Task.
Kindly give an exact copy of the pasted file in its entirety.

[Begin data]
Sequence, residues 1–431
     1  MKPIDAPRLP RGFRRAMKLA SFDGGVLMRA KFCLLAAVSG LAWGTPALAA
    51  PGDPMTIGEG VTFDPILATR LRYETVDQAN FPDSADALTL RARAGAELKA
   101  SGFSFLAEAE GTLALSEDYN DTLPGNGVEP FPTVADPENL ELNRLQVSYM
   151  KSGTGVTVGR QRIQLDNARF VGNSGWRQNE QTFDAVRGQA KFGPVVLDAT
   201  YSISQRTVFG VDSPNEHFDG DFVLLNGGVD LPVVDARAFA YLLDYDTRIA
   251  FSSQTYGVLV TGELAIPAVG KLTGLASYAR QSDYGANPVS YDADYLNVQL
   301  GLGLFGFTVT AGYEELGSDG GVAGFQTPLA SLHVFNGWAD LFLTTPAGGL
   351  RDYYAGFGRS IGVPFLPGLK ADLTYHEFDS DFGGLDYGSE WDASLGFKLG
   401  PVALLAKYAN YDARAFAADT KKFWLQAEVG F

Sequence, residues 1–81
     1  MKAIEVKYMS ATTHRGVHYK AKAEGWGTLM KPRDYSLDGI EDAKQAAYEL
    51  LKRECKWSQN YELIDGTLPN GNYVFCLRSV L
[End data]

Sequence, residues 1–431
     1  MKPIDAPRLP RGFRRAMKLA SFDGGVLMRA KFCLLAAVSG LAWGTPALAA
    51  PGDPMTIGEG VTFDPILATR LRYETVDQAN FPDSADALTL RARAGAELKA
   101  SGFSFLAEAE GTLALSEDYN DTLPGNGVEP FPTVADPENL ELNRLQVSYM
   151  KSGTGVTVGR QRIQLDNARF VGNSGWRQNE QTFDAVRGQA KFGPVVLDAT
   201  YSISQRTVFG VDSPNEHFDG DFVLLNGGVD LPVVDARAFA YLLDYDTRIA
   251  FSSQTYGVLV TGELAIPAVG KLTGLASYAR QSDYGANPVS YDADYLNVQL
   301  GLGLFGFTVT AGYEELGSDG GVAGFQTPLA SLHVFNGWAD LFLTTPAGGL
   351  RDYYAGFGRS IGVPFLPGLK ADLTYHEFDS DFGGLDYGSE WDASLGFKLG
   401  PVALLAKYAN YDARAFAADT KKFWLQAEVG F

Sequence, residues 1–81
     1  MKAIEVKYMS ATTHRGVHYK AKAEGWGTLM KPRDYSLDGI EDAKQAAYEL
    51  LKRECKWSQN YELIDGTLPN GNYVFCLRSV L